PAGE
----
video: school closing

Before attending Wingate Oaks Center two years ago, Ellijah Smith ("Papa"), 13, wasn't potty- trained, couldn't communicate and was rarely social. Today Ellijah is a different boy. He goes to the bathroom on his own, communicates desires and emotions via his iPad and interacts with other children and adults.

Wingate Oaks provides a special-needs learning center in Broward Schools for special-needs children, like Ellijah, who has autism. On Feb. 11, 2013, Ellijah's mother Mellissa Smith heard that the Broward School Board was planning on closing Wingate Oaks due to low enrollment. As a result, Ellijah would be re-located to Bright Horizons Center, which is 13 miles away from Wingate Oaks.

Smith and other parents have, since, organized an effort to appeal the closure of Wingate Oaks. In a recent Adequate Yearly Progress (AYP) report, Wingate Oaks scored 100%. Bright Horizons scored 82% on its AYP Report and failed to meet the standards for adequate progress. Both schools are under-enrolled. Wingate has 65% enrollment and Bright Horizons has 59%. Parents of Wingate Oaks students want to know why the school board is planning to close their school.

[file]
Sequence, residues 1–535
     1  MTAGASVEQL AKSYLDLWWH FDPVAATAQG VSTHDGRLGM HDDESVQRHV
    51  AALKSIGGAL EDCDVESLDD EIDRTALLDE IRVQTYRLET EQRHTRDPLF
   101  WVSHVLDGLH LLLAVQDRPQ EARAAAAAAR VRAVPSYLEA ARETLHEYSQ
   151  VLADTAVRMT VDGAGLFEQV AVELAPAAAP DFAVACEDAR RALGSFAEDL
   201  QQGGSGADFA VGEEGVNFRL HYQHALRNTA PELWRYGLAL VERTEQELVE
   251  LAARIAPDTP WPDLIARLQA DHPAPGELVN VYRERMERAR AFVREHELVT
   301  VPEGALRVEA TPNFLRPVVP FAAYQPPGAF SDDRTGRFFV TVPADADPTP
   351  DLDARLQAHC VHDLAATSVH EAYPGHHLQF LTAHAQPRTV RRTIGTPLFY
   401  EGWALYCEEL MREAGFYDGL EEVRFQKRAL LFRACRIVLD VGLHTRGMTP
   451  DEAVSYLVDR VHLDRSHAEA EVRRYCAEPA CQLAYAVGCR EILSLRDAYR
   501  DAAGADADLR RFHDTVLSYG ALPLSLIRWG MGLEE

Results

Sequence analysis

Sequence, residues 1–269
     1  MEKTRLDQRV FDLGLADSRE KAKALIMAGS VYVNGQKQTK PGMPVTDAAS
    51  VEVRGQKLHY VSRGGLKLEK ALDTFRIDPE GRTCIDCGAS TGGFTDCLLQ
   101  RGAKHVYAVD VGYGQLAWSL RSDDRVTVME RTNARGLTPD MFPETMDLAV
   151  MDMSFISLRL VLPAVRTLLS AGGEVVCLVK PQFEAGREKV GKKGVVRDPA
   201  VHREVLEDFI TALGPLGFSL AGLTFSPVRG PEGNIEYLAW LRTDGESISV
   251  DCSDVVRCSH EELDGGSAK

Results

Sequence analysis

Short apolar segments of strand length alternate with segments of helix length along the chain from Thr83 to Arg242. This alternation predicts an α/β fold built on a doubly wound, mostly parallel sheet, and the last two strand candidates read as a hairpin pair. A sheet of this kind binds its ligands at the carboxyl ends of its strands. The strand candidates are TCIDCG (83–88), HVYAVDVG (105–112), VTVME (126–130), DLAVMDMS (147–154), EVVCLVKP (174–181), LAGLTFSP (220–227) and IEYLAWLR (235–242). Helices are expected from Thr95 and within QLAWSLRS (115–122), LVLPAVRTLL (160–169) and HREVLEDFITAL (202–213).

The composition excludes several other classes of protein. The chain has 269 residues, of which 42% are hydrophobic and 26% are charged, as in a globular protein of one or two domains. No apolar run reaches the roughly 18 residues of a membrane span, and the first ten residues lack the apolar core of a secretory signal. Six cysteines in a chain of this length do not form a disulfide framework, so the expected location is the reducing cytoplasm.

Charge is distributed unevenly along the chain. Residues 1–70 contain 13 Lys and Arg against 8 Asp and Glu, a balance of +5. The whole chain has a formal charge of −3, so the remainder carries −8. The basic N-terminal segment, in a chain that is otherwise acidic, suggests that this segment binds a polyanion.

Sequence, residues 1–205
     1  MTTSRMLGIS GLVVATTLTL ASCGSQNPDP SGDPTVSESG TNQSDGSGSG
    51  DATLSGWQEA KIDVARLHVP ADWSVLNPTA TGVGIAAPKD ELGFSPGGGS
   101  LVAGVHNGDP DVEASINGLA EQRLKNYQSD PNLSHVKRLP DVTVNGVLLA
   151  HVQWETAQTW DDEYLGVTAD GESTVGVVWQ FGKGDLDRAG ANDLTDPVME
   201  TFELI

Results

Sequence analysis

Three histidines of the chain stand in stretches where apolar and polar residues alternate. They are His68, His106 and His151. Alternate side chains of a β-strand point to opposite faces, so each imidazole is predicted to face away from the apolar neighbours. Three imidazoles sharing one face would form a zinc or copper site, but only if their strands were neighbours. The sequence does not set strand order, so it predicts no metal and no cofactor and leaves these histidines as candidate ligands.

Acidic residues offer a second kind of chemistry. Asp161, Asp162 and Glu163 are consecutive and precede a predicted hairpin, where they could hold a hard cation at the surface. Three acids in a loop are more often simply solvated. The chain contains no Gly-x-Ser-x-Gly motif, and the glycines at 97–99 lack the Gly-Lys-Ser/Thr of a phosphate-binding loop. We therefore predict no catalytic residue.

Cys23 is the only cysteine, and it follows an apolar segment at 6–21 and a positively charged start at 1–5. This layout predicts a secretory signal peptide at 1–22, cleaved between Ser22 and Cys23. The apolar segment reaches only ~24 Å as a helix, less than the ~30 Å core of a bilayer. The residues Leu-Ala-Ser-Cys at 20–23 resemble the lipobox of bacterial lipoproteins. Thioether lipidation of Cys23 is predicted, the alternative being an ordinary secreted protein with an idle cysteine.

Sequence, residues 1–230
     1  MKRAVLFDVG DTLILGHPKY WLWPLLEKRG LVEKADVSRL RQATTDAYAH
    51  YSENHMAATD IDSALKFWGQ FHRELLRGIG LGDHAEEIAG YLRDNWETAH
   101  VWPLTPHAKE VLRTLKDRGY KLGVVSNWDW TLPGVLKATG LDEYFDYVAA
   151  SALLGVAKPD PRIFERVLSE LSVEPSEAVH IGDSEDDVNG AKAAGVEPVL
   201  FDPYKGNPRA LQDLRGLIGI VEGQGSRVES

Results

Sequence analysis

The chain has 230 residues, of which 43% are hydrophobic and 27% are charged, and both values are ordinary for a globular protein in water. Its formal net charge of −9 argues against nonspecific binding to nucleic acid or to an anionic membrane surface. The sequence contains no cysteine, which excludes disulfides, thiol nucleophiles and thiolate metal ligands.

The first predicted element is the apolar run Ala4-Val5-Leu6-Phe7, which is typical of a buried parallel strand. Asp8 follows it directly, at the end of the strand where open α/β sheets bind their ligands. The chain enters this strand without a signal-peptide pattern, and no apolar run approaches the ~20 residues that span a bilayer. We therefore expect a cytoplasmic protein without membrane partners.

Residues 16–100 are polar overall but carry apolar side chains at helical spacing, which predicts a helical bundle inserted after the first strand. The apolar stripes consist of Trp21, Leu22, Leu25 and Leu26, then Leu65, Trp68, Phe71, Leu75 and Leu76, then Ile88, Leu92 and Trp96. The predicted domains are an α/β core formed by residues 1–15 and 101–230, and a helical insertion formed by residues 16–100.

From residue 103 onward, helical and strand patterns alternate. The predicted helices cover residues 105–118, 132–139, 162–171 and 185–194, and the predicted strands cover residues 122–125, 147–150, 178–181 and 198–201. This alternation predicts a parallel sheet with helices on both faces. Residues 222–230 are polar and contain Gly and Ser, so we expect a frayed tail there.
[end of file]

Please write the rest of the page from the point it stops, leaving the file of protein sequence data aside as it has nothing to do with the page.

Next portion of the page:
UPDATE: On Thursday, March 22, 2013 Broward Schools Superintendent Robert Runcie told parents and staff at Fort Lauderdale’s Wingate Oaks Center that the school will continue to serve students from kindergarten to 12th grade, though it will not enroll new students. Thus, the issue of low enrollment will worsen as students graduate out of the school and no new students are allowed to enroll. Kathrine Francis, executive director of Broward's Exceptional Student Education department, told parents and staff that the school will have to be re-evaluated on a yearly basis.

Mellissa Smith says she'll take what she can get. She's looking at the matter positively and is hoping to prove just how good the school is and perhaps reverse the decision to stop new enrollment.